Mercy Corps: International Community Must Move Quickly to Prevent Another Famine in Somalia

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Leading global organization warns that failure to implement long-term responses is trapping Somalis in a cycle of drought, death and aid.

Vulnerable families are exhausting their resources and seeing their animals dying in front of them from disease and hunger

Leading global organization Mercy Corps is calling on the international community to act now to avert a looming famine in Somalia. Drought conditions in the country mean that more than three million people will struggle to survive without emergency food assistance, the Famine Early Warning Systems network has warned.

“We are witnessing the collapse of food, water and market systems at a scale beyond the country’s current capacity to respond,” says Abdikadir Mohamud, Mercy Corps Country Director for Somalia. “The international community must act quickly to prevent deaths – but must not simply look for quick fixes. Failing to implement long-term responses will trap Somalis in a cycle of drought, death and aid dependence.”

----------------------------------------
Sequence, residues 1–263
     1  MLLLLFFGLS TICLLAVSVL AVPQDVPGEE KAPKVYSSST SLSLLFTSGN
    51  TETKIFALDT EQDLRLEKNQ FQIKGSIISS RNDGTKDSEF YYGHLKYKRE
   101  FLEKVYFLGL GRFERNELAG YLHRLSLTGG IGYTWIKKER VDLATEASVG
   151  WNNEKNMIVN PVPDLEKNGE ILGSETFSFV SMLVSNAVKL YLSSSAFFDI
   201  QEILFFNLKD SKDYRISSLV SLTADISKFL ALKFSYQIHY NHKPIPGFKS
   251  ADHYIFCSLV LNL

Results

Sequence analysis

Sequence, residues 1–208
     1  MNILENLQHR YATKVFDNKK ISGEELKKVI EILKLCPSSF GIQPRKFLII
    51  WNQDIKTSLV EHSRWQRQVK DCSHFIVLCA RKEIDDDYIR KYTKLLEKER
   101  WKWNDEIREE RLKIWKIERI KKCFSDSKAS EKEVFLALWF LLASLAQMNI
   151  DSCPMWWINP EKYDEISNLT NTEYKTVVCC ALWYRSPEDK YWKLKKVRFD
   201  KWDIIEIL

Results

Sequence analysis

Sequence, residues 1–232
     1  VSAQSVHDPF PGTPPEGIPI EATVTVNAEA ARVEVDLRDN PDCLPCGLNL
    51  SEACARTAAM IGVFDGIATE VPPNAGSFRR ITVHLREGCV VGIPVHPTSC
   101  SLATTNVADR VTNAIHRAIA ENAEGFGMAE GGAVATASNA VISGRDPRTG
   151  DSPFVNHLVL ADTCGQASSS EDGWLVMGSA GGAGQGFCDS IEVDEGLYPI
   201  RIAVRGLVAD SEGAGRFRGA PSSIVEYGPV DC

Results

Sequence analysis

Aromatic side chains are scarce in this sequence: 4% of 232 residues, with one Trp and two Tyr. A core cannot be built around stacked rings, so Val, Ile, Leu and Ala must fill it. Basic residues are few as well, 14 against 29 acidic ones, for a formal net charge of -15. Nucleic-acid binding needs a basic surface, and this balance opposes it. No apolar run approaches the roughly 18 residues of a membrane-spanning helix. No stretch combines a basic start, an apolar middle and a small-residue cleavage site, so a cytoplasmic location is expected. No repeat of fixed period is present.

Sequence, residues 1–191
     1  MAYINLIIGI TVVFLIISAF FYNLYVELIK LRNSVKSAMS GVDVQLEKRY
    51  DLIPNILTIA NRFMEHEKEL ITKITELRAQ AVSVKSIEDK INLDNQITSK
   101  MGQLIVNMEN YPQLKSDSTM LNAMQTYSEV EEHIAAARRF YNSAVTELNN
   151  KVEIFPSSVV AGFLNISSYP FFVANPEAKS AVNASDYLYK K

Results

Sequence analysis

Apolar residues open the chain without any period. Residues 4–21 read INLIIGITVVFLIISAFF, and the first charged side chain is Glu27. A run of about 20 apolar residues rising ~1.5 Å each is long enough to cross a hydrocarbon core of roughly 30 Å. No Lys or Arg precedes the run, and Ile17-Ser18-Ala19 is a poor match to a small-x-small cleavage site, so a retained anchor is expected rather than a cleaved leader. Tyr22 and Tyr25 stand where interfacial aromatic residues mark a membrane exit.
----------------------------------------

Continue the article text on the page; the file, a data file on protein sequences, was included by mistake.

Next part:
Two seasons of failed rains in the Horn of Africa has seen three-quarters of the country’s livestock die, cereal production drop by 75 percent, and prices skyrocket, with a barrel of water tripling in price. This comes only six years after the 2011 famine which killed an estimated 260,000 Somalis.

Forecasts suggest that the April rains this year are also likely to be below normal, just as they were in 2011 when the number of drought deaths sharply increased.

“Vulnerable families are exhausting their resources and seeing their animals dying in front of them from disease and hunger, says Mohamud. “Disaster funds don’t last. The lesson of 2011 is not only about the importance of moving quickly, but about the necessity of planning for the future.”

Mercy Corps has been improving access to food and water, rehabilitating water-ways, supporting local markets, and providing education and civic opportunities in Somalia since 2005. The organization currently supports more than 100,000 Somalis. Mercy Corps research has demonstrated that long-term responses can strengthen the ability of households to cope with drought in the Horn of Africa.

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Emir Nader
Mercy Corps
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Katia Riddle
Mercy Corps
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